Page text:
[Noisebridge-discuss] Some smart things to do when asked anything by an officer of the law

Martin Bogomolni martinbogo at gmail.com
Mon Feb 27 12:56:01 PST 2012


This goes for policemen, FBI agents, NSA agents, you name it.  Some
no-nonsense simple rules to protect your legal butt.

* Be courteous and non-confrontational.  Don't talk back, don't raise
your voice.  You can only lose by increasing the hostility of the
situation.
* Keep your private stuff out of sight.  If it's in plain view, no
search warrant is needed for the officer to have a lock.   This also
extends to your laptop, so remember to "lock screen" if possible.
* Determine the reason you have been pulled aside/stopped/asked a
question.  Ask "Why am I being questioned/stopped/detained"
* REFUSE a warrantless search and refuse a warrantless entry.   Just.
Say.  No.   If a police officer asks your for your permission to
search, you are under no obligation to consent.  If you consent to a
search, you are giving up one of the strongest and best constitutional
rights you have.  (Fourth amendment)  "... I do not consent to a
search of my private property."
* Determine if you can leave, if stopped by an officer.   "I have to
be on my way, am I free to go?"
* DO NOT PHYSICALLY RESIST.  If the officer/agent/etc decide to
detain, search, or arrest you without your consent, don't resist
physically.   Stick peacefully to your guns, and say clearly but
without raising your voice or confronting the officer "I am not
resisting arrest and I don't consent to any searches."   Or better
yet, say -nothing- until you have an attorney present.
* Don't answer _any_ questions without an attorney present.   The
officer/agent/sheriff/deputy is not your friend, no matter how
friendly they are, or how conversational.   Assert your fifth, and
sixth amendment rights!  Simply say "Officer, I have nothing to say
until I speak with a lawyer."   Anything you say, beyond that, can
lead to a "reasonable" search and thus a warrantless search.  This
includes the whole of the hackerspace, for example.

Many of you have heard this spiel before, from me, from Jake Applebaum
and others at events ranging from Burning Man to Defcon.   You can do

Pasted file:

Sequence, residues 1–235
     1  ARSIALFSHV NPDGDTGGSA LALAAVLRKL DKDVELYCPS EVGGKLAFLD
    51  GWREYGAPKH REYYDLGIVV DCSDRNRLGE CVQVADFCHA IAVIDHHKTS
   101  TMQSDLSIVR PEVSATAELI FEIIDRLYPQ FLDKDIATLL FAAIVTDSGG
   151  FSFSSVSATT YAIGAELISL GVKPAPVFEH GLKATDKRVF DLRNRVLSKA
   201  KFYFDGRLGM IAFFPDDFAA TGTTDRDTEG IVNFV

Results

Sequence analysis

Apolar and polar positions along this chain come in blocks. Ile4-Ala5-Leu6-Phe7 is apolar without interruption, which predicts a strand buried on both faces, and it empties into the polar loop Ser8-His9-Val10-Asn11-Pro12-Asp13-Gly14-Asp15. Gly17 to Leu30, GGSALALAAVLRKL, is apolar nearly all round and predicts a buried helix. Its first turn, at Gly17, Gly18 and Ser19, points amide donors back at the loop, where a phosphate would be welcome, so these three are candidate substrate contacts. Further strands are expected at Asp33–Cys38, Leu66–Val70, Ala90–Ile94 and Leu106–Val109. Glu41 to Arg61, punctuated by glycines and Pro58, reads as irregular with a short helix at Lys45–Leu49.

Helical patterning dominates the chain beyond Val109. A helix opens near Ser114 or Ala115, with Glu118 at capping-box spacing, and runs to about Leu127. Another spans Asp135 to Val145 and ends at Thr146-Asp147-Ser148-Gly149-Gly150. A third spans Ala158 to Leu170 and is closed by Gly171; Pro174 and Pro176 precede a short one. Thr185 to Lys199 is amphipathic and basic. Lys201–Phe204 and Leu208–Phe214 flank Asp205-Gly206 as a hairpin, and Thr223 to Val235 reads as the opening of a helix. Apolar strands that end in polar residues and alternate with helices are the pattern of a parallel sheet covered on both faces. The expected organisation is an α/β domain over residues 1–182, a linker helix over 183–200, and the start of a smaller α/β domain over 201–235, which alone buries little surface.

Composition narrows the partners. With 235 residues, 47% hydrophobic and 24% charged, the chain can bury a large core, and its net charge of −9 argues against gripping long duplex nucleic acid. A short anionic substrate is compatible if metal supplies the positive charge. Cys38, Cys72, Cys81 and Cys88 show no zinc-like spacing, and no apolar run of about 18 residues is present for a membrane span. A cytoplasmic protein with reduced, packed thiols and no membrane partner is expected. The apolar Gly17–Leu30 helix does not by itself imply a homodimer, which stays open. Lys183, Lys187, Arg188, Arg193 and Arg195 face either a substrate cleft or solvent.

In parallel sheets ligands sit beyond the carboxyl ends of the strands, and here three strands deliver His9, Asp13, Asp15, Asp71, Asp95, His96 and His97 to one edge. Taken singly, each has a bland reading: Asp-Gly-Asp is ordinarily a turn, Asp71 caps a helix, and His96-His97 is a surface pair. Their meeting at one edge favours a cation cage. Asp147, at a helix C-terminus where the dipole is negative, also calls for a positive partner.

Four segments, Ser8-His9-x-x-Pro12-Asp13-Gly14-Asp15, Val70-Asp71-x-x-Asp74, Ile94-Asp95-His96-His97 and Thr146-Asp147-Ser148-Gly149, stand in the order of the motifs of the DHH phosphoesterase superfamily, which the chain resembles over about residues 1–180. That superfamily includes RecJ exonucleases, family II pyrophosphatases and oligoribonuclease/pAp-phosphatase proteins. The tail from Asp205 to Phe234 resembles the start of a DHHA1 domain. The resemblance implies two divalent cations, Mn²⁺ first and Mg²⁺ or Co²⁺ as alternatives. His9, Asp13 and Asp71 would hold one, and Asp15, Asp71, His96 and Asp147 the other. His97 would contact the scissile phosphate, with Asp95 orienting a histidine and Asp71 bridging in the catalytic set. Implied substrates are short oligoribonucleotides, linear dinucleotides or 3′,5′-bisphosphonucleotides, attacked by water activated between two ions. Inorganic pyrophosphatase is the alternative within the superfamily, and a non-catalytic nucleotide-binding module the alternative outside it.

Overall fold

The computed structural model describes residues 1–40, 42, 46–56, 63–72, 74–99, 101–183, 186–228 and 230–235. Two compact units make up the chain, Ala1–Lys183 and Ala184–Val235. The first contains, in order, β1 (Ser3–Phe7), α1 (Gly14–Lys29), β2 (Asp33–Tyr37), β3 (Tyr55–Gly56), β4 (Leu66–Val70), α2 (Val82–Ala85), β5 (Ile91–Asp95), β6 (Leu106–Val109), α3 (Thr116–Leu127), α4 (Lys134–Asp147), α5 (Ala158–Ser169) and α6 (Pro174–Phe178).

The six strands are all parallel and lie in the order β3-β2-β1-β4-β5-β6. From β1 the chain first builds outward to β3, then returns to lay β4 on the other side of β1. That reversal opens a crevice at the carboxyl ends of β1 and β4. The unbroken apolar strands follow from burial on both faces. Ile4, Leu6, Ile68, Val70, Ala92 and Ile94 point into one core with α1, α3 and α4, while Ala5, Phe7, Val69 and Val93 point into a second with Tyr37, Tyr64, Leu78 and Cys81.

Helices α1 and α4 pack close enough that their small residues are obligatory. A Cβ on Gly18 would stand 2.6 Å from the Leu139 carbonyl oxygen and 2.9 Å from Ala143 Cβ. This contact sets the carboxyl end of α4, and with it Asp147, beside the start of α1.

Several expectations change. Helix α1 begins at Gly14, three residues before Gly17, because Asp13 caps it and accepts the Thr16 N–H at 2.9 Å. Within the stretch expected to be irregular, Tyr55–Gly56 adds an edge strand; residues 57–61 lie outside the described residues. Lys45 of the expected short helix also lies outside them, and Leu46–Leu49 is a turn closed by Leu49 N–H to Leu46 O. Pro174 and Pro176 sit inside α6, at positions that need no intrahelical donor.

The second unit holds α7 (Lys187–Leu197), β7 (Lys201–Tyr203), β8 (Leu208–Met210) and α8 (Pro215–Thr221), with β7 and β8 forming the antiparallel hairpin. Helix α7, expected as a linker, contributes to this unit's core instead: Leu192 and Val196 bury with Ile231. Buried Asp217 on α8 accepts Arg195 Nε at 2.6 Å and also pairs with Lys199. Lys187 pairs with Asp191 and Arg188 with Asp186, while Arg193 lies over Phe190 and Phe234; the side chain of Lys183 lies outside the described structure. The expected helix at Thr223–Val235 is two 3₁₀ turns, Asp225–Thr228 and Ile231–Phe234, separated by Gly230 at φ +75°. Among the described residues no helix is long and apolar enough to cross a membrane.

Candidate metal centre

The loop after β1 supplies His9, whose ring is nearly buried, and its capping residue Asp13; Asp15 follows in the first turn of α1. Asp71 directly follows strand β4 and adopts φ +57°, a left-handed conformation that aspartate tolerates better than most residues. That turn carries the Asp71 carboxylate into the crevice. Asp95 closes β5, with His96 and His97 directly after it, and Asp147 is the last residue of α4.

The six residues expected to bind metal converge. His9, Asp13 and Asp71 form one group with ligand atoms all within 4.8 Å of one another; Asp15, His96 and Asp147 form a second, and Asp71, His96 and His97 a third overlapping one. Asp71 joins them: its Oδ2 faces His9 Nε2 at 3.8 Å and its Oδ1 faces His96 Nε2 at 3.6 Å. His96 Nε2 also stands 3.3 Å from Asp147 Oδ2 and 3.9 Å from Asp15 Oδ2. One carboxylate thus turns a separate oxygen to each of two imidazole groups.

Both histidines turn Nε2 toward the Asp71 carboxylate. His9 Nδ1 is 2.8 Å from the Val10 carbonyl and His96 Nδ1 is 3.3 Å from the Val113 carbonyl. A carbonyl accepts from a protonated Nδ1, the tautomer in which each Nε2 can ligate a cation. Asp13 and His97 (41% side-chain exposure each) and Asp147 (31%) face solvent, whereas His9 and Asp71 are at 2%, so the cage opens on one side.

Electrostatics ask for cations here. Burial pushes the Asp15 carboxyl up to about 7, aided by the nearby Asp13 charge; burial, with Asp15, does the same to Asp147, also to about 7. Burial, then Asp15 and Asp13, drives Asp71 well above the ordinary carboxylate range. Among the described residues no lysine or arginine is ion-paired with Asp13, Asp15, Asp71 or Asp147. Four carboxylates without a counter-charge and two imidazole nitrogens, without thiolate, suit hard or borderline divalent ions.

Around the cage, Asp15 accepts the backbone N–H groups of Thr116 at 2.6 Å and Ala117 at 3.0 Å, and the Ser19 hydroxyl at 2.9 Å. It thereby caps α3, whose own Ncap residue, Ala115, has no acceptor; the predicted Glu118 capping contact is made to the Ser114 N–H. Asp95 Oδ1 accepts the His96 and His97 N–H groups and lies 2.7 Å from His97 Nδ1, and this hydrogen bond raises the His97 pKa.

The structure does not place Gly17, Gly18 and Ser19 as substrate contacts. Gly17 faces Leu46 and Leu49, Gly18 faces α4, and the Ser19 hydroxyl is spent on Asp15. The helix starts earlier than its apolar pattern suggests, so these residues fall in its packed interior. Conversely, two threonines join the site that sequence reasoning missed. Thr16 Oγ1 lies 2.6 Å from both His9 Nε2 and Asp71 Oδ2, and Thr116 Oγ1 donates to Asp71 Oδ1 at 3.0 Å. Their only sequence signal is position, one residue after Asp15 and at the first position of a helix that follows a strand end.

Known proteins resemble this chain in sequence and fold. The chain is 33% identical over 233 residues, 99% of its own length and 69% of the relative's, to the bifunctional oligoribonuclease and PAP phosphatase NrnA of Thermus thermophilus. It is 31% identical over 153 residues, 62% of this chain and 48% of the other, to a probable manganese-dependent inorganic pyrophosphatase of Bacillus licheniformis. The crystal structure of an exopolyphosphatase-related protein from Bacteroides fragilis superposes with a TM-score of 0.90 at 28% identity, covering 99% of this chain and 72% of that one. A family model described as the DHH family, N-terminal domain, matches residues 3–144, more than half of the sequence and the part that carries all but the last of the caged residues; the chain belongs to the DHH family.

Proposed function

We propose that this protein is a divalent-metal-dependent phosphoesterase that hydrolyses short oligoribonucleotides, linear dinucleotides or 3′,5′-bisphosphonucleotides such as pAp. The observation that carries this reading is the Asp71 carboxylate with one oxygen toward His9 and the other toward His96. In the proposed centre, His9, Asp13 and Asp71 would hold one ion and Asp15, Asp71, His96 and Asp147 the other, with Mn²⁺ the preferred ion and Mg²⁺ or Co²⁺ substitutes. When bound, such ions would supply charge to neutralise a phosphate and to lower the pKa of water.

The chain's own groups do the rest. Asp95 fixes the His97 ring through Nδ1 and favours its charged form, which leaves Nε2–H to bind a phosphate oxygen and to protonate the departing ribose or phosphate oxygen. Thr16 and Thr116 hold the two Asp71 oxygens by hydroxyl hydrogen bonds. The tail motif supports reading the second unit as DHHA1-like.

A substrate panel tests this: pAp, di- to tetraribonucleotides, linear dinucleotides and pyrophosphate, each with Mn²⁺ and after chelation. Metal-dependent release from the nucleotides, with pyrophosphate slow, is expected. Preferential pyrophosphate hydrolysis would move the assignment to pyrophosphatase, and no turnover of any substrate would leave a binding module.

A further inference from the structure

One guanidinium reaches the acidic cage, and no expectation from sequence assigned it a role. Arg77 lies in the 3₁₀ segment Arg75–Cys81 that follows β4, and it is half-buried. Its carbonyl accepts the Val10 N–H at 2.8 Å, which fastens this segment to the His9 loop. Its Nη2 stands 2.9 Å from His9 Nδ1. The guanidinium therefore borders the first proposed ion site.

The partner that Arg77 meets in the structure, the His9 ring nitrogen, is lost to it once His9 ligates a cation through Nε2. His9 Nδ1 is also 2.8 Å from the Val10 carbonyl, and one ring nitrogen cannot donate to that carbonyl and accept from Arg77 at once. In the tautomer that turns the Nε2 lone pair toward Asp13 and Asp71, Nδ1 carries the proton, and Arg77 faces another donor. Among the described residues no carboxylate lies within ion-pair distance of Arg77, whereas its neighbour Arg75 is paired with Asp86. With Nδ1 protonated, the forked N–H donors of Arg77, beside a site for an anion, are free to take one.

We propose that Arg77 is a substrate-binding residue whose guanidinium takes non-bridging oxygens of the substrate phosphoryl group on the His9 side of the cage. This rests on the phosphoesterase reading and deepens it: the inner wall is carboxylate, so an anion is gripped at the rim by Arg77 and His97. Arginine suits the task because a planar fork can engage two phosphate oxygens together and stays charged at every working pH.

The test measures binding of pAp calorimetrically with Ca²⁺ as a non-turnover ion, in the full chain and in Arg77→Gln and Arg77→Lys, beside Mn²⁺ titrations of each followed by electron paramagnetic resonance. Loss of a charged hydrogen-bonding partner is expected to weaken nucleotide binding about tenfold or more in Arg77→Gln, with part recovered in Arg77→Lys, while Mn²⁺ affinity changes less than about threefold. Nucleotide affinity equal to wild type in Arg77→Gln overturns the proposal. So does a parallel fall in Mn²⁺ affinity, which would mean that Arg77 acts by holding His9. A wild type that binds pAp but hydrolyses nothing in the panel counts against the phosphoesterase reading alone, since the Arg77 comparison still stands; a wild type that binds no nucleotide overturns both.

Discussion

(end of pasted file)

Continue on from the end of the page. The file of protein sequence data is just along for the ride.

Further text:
as you wish, but your legal butt is best protected if you follow this
procedure.   You may politely, but firmly deny entry to any officer at
the door of Noisebridge, and in my opinion should do so.   Refer the
officer politely to the board of Noisebridge, give them appropriate
contact information if you know it (the website address will do),
unless they have a warrant (see above).

Some caveats:  This is for the United States only.  Different
countries have different laws.
This does NOT WORK with the TSA.  They have a separate federal
mandate, and are present on private property (the airport/train
station/etc).
This does NOT WORK with Customs Agents.  Again, they have a separate
federal mandate.
This does NOT (neccesarily) WORK if you are currently enlisted in the
military, on a base, etc.  This includes parts of the Presidio,
Monterrey Bay, Lawrence Livermore National Labs, etc.  The uniform
code of military justice is the standard if you're in the military,
and as a civilan guest on a base you have relented certain rights.
The right to remain silent does, however, still apply.
I am not a lawyer.  However I am a Black Rock Ranger and have been
volunteering at Burning Man for a number of years.  This advice was
compiled from the material distributed by the legal team that trains
us to be mediators between law enforcement and the participants at
Burning Man.   It is field tested.


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